Proud CSUSM Alumni - Jayson and Shilow Sack
By Margaret Chantung
The brain is one of the most complex and magnificent organs in the human body. Neurosurgeons train for a minimum of 15 years—including four years of undergraduate study, four years of medical school and seven years in a residency program—to garner the knowledge and experience necessary to diagnose and treat conditions that affect not only the brain but the spinal cord, peripheral nerves and their supporting and surrounding structures.
To be sure, practicing neurosurgery—arguably one of the most elite fields in medicine—requires not only sustained dedication to the field but confidence, patience and methodical preciseness. These qualities certainly apply to CSUSM alumnus Dr. Jayson Sack, chief resident of neurosurgery at UC San Diego Medical Center.
CSUSM: The Foundation for Love and Neurosurgery
Some people know from a young age that their professional calling is medicine, but for Jayson that wasn’t always the case. As a high school student with feelings of uncertainty over the future, he declined to take college admission exams and instead enrolled in a local community college. After two years the La Mesa native transferred to Cal State San Marcos.
“I remember feeling like this was a place, with small class sizes and plenty of opportunities to get involved, where you wouldn’t be treated like a number—where professors would care about you and provide individual attention,” he said.
Initially he majored in psychology, thinking that his career would lead him to psychiatry, but a neurobiology course sparked his imagination and interest in neuroscience. With classmate Andy Mauldin and under the guidance of Psychology Professor and Health Professions Advisor Joanne Pederson, Jayson co-founded the CSUSM Pre-Health Society and became a double major in psychology and biology with a minor in chemistry.
“Jayson sought me out in the fall of 1999 and became a frequent visitor to my office,” said Pederson. “I have a flashbulb memory of our first meeting—it was clear to me that he had incredible passion for academics and focus for his career development, but it went beyond personal gain. He was, and still is, the type of person who finds something that needs to be improved and does the work to set things right or make things better.”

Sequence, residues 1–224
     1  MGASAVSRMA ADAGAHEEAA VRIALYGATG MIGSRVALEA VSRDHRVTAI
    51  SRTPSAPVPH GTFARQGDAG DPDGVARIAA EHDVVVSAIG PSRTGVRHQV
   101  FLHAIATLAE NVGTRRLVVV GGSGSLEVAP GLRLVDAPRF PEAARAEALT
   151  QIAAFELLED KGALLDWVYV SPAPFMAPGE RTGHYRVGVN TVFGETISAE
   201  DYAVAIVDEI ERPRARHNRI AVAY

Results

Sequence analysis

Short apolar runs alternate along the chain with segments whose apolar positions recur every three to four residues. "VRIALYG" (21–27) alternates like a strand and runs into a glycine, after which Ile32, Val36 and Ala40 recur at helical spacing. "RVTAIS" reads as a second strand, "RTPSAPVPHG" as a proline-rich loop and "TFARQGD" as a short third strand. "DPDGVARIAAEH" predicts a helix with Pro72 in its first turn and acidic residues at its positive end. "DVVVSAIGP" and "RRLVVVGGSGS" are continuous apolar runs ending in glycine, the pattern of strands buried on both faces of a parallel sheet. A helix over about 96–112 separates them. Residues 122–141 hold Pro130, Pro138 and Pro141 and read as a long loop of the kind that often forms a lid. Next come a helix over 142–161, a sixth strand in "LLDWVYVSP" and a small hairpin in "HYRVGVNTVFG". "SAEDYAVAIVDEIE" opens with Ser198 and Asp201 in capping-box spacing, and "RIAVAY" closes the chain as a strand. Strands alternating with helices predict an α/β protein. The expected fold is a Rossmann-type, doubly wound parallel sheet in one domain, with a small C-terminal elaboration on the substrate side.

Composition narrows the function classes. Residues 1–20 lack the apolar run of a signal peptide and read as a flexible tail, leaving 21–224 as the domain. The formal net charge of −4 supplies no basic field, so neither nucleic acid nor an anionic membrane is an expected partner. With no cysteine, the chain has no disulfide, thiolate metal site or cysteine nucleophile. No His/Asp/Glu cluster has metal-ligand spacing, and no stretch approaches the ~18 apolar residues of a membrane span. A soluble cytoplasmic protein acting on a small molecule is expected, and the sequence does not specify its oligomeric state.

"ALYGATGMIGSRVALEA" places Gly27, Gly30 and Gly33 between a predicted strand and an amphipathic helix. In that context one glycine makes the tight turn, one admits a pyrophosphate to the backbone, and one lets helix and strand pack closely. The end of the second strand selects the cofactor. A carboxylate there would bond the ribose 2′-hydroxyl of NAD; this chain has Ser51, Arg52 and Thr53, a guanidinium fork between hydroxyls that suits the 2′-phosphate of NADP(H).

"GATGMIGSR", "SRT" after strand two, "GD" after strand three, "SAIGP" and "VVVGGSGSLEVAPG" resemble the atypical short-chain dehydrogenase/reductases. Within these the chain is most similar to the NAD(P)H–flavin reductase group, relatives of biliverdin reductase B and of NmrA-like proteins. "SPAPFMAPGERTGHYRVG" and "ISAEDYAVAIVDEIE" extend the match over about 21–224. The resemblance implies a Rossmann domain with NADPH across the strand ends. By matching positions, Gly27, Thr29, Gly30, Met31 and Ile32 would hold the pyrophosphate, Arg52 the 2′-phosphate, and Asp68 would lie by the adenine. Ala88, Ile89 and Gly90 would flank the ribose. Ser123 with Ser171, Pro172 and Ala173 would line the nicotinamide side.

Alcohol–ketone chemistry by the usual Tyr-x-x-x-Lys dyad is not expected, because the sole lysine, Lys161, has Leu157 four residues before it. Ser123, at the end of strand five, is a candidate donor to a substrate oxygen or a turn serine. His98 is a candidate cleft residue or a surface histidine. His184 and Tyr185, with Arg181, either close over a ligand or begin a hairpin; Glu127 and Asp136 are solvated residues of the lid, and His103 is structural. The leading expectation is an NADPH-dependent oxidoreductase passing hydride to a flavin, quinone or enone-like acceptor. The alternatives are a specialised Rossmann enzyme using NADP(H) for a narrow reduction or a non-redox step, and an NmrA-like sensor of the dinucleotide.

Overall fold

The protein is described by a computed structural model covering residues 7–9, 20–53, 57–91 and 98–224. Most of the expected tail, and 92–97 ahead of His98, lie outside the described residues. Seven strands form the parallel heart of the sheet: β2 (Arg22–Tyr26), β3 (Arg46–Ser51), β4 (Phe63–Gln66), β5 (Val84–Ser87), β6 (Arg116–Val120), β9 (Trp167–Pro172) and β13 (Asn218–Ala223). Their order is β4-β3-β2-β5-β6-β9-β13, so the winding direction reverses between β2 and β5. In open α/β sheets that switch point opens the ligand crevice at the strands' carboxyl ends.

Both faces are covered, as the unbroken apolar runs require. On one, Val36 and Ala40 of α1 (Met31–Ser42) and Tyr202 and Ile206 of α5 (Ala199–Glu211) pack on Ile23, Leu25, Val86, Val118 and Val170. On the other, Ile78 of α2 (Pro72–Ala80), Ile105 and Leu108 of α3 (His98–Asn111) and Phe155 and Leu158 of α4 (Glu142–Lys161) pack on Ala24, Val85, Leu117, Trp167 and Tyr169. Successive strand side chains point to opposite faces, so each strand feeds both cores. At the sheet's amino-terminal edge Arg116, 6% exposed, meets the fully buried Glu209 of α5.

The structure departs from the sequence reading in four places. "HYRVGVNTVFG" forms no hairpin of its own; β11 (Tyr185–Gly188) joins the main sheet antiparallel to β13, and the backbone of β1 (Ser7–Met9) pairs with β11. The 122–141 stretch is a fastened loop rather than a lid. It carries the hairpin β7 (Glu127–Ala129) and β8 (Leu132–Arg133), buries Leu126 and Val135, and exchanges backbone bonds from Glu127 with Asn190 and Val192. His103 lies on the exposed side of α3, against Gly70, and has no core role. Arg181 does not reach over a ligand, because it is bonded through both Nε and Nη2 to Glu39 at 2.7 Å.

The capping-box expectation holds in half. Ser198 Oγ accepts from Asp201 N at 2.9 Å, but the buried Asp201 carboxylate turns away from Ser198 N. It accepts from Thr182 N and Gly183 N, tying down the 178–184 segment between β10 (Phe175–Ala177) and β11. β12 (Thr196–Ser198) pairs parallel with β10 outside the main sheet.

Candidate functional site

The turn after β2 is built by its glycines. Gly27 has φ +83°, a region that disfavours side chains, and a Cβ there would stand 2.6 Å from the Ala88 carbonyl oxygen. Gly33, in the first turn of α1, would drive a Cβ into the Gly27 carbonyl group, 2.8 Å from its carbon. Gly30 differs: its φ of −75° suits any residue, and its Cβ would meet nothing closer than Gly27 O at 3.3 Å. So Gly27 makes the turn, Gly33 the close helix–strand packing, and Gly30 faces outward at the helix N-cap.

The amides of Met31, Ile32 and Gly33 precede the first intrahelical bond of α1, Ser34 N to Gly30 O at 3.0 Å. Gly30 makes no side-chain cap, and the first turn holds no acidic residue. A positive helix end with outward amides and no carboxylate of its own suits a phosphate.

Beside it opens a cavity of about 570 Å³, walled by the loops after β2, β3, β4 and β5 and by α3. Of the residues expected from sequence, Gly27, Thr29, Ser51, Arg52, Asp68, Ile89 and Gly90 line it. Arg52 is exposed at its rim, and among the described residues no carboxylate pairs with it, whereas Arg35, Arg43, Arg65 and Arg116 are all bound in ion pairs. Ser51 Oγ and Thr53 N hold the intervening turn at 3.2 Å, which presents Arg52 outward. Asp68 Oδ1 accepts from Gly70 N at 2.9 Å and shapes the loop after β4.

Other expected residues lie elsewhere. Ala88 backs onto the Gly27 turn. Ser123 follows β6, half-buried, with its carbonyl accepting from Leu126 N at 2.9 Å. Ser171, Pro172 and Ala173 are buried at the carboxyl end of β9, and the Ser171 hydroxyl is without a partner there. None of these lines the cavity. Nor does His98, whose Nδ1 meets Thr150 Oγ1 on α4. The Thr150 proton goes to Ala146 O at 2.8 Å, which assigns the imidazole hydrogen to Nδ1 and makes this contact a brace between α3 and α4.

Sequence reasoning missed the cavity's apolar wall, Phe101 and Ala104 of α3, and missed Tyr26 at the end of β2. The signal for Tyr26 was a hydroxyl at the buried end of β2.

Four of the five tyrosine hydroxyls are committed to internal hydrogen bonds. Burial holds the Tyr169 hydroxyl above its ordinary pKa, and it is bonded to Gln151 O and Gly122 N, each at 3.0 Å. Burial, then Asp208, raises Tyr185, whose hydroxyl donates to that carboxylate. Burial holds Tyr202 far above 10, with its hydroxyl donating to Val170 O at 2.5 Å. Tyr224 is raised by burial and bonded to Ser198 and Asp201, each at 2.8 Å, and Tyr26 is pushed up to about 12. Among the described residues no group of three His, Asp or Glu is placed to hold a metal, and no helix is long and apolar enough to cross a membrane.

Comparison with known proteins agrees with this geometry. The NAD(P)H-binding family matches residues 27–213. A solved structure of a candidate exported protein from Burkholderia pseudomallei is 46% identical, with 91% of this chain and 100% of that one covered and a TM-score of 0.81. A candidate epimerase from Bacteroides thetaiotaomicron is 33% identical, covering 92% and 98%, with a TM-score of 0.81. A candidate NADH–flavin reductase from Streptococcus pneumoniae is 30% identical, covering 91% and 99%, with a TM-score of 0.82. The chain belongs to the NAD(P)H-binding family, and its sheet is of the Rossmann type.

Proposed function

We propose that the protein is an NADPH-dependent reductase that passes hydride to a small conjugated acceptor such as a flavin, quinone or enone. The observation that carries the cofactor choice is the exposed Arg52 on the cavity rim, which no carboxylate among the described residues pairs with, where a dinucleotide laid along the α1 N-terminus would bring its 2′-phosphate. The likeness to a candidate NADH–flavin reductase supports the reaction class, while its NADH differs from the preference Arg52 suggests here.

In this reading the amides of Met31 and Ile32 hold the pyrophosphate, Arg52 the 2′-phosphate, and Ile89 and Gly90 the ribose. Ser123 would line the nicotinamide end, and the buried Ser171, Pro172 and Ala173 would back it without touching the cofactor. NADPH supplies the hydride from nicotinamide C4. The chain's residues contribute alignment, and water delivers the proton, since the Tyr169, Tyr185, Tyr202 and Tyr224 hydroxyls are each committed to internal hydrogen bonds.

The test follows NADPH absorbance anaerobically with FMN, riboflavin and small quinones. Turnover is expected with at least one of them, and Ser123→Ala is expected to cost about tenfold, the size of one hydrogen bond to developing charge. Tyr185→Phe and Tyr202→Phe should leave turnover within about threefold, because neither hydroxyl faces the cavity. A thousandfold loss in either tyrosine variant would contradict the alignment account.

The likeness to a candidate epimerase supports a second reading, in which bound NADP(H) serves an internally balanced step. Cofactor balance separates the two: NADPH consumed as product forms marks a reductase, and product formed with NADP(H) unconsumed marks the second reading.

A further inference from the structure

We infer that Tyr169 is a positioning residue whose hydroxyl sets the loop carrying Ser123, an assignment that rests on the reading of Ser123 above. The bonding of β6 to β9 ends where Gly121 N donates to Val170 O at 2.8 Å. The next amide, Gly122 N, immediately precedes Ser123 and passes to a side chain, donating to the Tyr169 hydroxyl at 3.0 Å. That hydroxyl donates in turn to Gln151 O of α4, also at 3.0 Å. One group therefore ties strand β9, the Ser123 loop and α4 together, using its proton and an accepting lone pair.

While working for the Department of Chemistry as its first Supplemental Instruction leader facilitating student study sessions, Jayson met biology major Shilow Blea and the two started dating.
In 2004, the year that both Jayson and Shilow graduated from CSUSM, Jayson earned the President’s Outstanding Graduate Award, the highest University honor bestowed annually to a graduating student in recognition of scholarly excellence. He applied to and was accepted at several medical school, ultimately selecting the University of Michigan.
Biological Sciences Professor Richard Bray wrote in a letter of recommendation, “Of the thousands of biology majors I have taught and hundreds of letters I have written, I regard Jayson among the top five students in terms of intelligence, passion for helping people and promise to develop a very productive career.”
Graduate School Success
At the University of Michigan Shilow earned a master’s degree in education while Jayson acquired both a M.S. in clinical research and a M.D.
On Match Day—the day when fourth-year medical students across the country find out where they will spend their residency—Jayson proudly wore for good luck a memorial T-shirt featuring the late Microbiology Professor Thomas Wahlund, one of his CSUSM mentors.
“The faculty at CSUSM really motivated me and encouraged me not to look back,” Jayson said. “Dr. Wahlund in particular inspired me with his work ethic. He once said to us in class, ‘If you aren’t going to give it 100 percent then get out.’”